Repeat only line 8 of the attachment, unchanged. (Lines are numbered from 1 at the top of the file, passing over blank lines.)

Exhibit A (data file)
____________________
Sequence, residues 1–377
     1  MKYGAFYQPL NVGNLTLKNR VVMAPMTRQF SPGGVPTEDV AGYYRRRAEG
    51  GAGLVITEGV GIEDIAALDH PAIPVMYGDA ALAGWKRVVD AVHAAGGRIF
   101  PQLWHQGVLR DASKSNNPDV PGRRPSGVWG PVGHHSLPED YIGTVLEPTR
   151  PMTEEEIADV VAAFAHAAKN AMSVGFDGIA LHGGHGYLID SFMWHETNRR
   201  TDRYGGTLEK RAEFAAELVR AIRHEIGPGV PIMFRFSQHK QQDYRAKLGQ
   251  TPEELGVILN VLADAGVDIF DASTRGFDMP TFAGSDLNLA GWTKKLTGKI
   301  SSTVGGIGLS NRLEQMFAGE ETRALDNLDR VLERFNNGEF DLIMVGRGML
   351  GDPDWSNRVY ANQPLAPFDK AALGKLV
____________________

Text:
   301  SSTVGGIGLS NRLEQMFAGE ETRALDNLDR VLERFNNGEF DLIMVGRGML